Although C-pulse is a new device, each of its component has been around for many years. The inflation/deflation is synchronized to the patients ECG, just like a pacemaker. The balloon counter-pulsation technique has been used in intra-aorta way for many decades. These are all mature technologies. Even if C-pulse stop working for some reason, it does not pose any immediate threats to patients, as the device does not replace the heart functions like LVAD device. The device can be turned on/off at will. In my view, C-pulse has a much larger margin for error/failure than LVADs.

3). Risks of infections at exit site.

This risk is real and very common for devices with exit through the skin. 8 patients had infections in the feasibility trial. The company gave very close attention to this issue. After the feasibility trial, they re-designed the device by adding a so-called "C-Patch" that mobilize the tube to reduce or minimize the gap between the tube and the skin when patients pull the tube. They even formed a special committee to oversee this issue. They asked patients to take pictures of the exit site once in a while and send them back to doctors to preempt the potential infections. I believe with such aggressive infection management strategies, this risk can be minimized.

4). Risks of Neurological events

This is actually the strength of C-Pulse. So far there has been zero neurological events recorded that is related to the device. C-Pulse is non-blood contacting and no need for blood thinning medication. All these reduced the risk infection and potentially stroke risk.

5). Risks of aorta damage/disruption

Based on recent interview with the company's CEO, two physicians that took tissue samples from patients right underneath the balloon and the samples 1cm to the right and 1cm to the left. They compare the tissues and found there were no differences. The earliest patients in the feasibility trial have been using the device safely for over 2-3 years. It appears that at least in short term, the cuff and balloon show no sign of damage to the wall of aorta. There has been no long term study of the effect on the aorta. Honestly, the long term aorta safety issue is the only issue I am not highly confident about. But we need to put this issue in the perspective. In the long run, we are all dead. The 5-year mortality rate for Class III/IV heart failure patients is over 50%. These late stage patients are usually very old already. For them, "long term" may be as long as you think. If C-pulse can give them over 5 years' high quality of life with improved heart function, I would say it is well worth the potential "long term" aorta risk.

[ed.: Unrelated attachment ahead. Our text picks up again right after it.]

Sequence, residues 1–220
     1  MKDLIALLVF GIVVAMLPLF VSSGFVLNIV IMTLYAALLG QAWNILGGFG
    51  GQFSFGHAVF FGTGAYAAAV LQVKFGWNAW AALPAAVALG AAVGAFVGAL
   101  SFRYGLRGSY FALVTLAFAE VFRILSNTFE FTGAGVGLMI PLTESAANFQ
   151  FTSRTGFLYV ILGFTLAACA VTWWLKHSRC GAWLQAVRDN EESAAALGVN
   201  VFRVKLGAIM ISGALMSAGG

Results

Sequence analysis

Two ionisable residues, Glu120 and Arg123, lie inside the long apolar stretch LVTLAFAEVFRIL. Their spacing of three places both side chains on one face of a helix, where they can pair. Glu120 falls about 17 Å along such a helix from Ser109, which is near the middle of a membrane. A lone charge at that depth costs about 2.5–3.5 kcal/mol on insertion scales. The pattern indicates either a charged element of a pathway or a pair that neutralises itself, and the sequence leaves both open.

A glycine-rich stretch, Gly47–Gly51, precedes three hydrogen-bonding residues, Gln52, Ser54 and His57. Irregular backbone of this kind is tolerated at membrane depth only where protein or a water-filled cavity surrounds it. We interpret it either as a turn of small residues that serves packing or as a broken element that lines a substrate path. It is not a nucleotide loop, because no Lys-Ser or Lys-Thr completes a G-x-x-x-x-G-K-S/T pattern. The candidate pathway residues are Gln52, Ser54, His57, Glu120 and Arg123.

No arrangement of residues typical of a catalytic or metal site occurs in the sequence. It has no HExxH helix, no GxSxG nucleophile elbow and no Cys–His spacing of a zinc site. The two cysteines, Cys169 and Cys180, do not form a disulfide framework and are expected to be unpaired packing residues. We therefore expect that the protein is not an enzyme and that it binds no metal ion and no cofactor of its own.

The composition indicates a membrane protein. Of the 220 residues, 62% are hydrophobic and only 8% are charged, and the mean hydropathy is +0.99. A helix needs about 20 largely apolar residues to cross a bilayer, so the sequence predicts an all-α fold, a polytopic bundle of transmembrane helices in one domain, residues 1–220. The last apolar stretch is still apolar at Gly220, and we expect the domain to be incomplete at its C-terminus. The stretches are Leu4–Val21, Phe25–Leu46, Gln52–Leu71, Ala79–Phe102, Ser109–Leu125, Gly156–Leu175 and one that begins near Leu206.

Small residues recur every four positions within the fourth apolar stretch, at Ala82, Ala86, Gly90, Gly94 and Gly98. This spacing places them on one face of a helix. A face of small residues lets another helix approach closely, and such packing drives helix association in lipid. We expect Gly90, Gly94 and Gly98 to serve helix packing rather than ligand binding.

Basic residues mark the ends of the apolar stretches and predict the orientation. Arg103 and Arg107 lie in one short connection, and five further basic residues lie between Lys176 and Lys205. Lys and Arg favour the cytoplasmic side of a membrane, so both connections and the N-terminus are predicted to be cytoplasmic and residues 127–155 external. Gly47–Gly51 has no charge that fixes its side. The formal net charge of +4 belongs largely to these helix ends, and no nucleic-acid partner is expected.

6) Risks of other unidentified risks?

Maybe. Any MAJOR unidentified risks? I don't think so. Again, this is a mechanical device that just has so many touch points to patients body. It's not like a drug with unknown mechanism of actions.

To summarize, Sunshine Heart offers the best risk/reward ratio that I have not seen in biotech companies for many years. It's critical for investors to understand the clinical risks involved in the device, particularly as we are entering the phase that we will frequently get updates on European Option HF trial from Sunshine Heart. On Oct 28, the company will present initial EU clinical data at TCT conference in San Francisco. Even though this clinical update will probably only cover 4-5 patients, it's still a highly significant catalyst. According to 2nd quarter earning call, Germany reimbursement decision only requires clinical data from 5 patients. If the data are good, the company will very likely get favorable reimbursement decision in Feb 2014. That would mark the official start of the commercialization of C-pulse in Europe.

Caution: Please do your own research before any buy or sell decisions. Use of information and research in the article above is at your own risk. It's always risky to invest in development stage micro-cap biotech companies. SSH is a highly illiquid public company. The share price could be very volatile. Please check the full list of risk factors in the company's annual report.

Disclosure: I am long SSH. I wrote this article myself, and it expresses my own opinions. I am not receiving compensation for it (other than from Seeking Alpha). I have no business relationship with any company whose stock is mentioned in this article.